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Operation Alpha

(January 1 - August 26, 1955)

“Alpha” was the Department of State’s code word for materials pertaining to a secret U.S.-British effort to develop proposals for a comprehensive Arab-Israeli peace settlement. On December 20, 1954, Secretary of State John Foster Dulles assigned Francis Russell,  Deputy Chief of Mission and Counselor of the Embassy in Israel, responsibility for reviewing Arab-Israeli issues, formulating proposals to facilitate the conclusion of a peace settlement in Palestine, and developing a concerted diplomatic strategy with his British Foreign Office counterpart, Charles Arthur Evelyn Shuckburgh.

In 1955, both countries agreed that Israel should cede parts of the Negev to Egypt and Jordan, creating a territorial link between them, resettle 75,000 Palestinian refugees in Israel, and establish a state of non-belligerence between Israel and Arab countries in lieu of peace.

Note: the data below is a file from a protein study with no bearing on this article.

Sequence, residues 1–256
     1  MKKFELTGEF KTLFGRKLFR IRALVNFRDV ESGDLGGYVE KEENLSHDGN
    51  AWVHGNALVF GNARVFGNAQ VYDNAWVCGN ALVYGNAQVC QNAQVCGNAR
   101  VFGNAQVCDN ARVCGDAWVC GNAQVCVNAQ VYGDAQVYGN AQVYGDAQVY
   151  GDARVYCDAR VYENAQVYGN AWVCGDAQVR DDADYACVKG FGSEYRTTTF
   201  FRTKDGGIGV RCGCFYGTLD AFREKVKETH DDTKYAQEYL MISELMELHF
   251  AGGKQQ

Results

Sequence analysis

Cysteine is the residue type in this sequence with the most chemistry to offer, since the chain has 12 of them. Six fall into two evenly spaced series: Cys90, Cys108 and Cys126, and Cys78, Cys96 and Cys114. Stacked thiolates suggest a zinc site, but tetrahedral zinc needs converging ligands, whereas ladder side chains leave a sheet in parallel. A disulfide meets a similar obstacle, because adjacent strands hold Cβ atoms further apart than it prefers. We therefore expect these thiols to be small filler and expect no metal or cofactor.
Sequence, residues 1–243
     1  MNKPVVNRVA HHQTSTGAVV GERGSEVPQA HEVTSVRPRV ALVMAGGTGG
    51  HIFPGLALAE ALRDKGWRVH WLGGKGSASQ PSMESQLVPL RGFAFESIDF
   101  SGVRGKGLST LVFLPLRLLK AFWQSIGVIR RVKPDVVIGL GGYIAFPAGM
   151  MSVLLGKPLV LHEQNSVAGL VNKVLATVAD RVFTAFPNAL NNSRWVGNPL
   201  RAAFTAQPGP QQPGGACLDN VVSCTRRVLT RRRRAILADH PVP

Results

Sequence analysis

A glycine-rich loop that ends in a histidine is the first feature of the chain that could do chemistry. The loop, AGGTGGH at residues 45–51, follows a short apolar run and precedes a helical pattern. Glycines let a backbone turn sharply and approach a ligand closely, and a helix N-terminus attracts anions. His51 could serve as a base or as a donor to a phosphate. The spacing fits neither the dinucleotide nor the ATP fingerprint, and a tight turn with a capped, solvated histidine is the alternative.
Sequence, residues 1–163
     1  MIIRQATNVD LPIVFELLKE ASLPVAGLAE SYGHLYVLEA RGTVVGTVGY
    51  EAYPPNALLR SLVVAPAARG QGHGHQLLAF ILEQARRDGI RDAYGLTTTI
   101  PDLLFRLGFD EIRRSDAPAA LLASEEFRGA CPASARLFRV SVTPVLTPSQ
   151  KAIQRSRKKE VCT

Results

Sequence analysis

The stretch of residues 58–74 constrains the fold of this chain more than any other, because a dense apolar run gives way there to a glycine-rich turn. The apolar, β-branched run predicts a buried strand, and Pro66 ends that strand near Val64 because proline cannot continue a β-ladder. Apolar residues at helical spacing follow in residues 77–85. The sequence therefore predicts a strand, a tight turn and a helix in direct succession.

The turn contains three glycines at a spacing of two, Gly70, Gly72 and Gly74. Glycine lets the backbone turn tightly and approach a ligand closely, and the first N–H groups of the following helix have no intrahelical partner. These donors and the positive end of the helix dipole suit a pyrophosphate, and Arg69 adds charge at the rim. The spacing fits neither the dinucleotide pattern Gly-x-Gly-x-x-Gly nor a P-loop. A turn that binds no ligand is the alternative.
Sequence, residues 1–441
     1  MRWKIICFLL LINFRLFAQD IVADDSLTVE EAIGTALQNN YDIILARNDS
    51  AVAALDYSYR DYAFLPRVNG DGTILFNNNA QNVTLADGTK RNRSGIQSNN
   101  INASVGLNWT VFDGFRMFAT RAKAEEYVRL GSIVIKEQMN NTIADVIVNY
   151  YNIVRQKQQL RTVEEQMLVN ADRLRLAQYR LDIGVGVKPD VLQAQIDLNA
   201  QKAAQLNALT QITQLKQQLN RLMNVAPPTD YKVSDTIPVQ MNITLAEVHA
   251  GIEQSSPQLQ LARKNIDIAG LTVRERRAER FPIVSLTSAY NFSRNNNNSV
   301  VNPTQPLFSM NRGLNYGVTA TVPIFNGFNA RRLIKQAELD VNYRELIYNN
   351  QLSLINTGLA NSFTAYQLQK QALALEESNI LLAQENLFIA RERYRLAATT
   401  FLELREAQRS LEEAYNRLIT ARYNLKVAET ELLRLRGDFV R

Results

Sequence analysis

Facing opposition from both Egypt and Israel, President Dwight Eisenhower authorized the secret mission of a special envoy, Robert Anderson, a Texas lawyer and personal friend. From January to March 1956, Anderson engaged in CIA-supported negotiations with Israeli Prime Minister David Ben-Gurion, Foreign Minister Moshe Sharett, and Egyptian President Gamal Nasser.

Nevertheless, the plan was categorically rejected by both Egypt and Israel.

Sources: “Operation Alpha (1955),” The Israeli-Palestinian Conflict: An Interactive Database.
“Alpha Operation,”
“U.S. Efforts to Obtain a Settlement Between Egypt and Israel; the Beginnings of Operation Alpha, January 1–August 26, 1955,” Foreign Relations of The United States, 1955–1957, Arab-Israeli Dispute, 1955, Volume XIV, U.S. Department of State.